CLEAN ENERGY: The U.S. needs to rapidly speed its pace of clean energy deployment to reach net zero emissions by 2050, on the order of installing 800 MW of additional generation each week over 2020 levels, a new report shows. (Bloomberg)

• The solar industry is facing an unprecedented supply crunch after a year of record deployments, with skyrocketing shipping costs and a shortage of materials likely to delay installations this year. (Canary Media)
• Xcel Energy plans to accelerate its decarbonization plans, cutting emissions 85% by 2030 and adding 10,000 MW of renewable energy capacity in Colorado and Minnesota. (Utility Dive)

• The U.S. Senate finalizes its $550 billion bipartisan infrastructure bill, which includes dedicated funding for building electric vehicle charging stations, modernizing the electric grid, and expanding clean energy use. (Associated Press)
• Maine, Maryland, Texas, and Virginia lawmakers each passed more than 10 pieces of energy-related legislation in the second quarter of 2021. (S&P Global)

ENVIRONMENTAL JUSTICE: Advocates praise President Biden for making environmental justice a far bigger priority than past administrations, though disagreements over nuclear power and carbon capture remain. (Inside Climate News)

GRID: California Gov. Gavin Newsom declares a state of emergency and seeks to ease grid strain by paying industrial users to cut back on power use, fast tracking permitting for new power sources and waiving air quality rules to allow big consumers to use diesel generators. (Bloomberg)

Colorado became the first state to apply the social cost of methane to regulatory decisions this year, also passing several other bills tackling building emissions. (Energy News Network)
• Massachusetts municipalities see pushback from home builders, utilities and some residents amid attempts to ban new natural gas infrastructure and encourage electrification. (Wall Street Journal)

COAL: Critics say CenterPoint Energy’s plan to replace a retiring coal plant with smaller natural gas turbines is unnecessary, uneconomic and environmentally destructive. (Energy News Network)

• Federal officials extend a public comment period on the proposed endangered species listing of the lesser prairie chicken, which could affect oil and gas operations in New Mexico’s Permian Basin. (Santa Fe New Mexican)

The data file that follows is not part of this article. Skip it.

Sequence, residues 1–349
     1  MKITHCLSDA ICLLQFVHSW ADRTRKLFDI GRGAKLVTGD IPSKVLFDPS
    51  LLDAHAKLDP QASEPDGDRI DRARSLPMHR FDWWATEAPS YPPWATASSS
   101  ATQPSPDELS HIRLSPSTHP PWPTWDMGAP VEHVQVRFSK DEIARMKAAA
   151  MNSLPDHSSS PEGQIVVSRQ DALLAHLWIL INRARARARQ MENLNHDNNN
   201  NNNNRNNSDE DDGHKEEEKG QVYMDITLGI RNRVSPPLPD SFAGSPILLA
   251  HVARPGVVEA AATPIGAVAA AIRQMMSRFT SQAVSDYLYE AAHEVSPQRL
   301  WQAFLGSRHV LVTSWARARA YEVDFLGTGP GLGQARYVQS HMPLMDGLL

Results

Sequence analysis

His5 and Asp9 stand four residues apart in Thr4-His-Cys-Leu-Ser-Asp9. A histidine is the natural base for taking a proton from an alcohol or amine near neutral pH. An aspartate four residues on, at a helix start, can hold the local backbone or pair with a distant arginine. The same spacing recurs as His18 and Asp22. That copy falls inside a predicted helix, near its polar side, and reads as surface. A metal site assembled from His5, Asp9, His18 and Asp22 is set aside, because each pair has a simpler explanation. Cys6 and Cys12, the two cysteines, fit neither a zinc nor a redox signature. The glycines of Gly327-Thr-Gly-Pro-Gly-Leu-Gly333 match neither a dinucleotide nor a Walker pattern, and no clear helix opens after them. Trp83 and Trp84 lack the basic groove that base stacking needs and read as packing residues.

• Enbridge officials say the Line 3 replacement and expansion in northern Minnesota will be in service by the end of the year, despite ongoing legal and regulatory challenges. (CBC)

SOLAR: Wyoming’s lack of transmission infrastructure and fossil fuel-favoring politics have kept utility-scale solar projects at bay, industry observers say. (Casper Star-Tribune) 

A federal report determines a spent reactor fuel repository proposed for southeastern New Mexico will have no impact on the environment. (Carlsbad Current-Argus)
Critics of a Bill Gates-backed company’s proposal to build an advanced nuclear reactor in Wyoming doubt the feasibility of the project and say it will end with massive public investments gone to waste. (WyoFile)

• Cutting oil production without cutting demand for it will cause gasoline prices to shoot up, likely increasing resistance against climate action that’s seen as harming energy affordability, a columnist writes. (Axios)
• A columnist argues the U.S. needs to end the subsidy that allows oil and gas companies to expense “intangible” drilling and exploration costs, as it benefits the industry far more than other subsidies. (Canary Media)

Kathryn brings her extensive editorial background to the Energy News Network team, where she oversees the early-morning production of ENN’s five email digest newsletters as well as distribution of ENN’s original journalism with other media outlets. From documenting chronic illness’ effect on college students to following the inner workings of Congress, Kathryn has built a broad experience in her more than five years working at major publications including The Week Magazine. Kathryn holds a Bachelor of Science in magazine journalism and information management and technology from Syracuse University.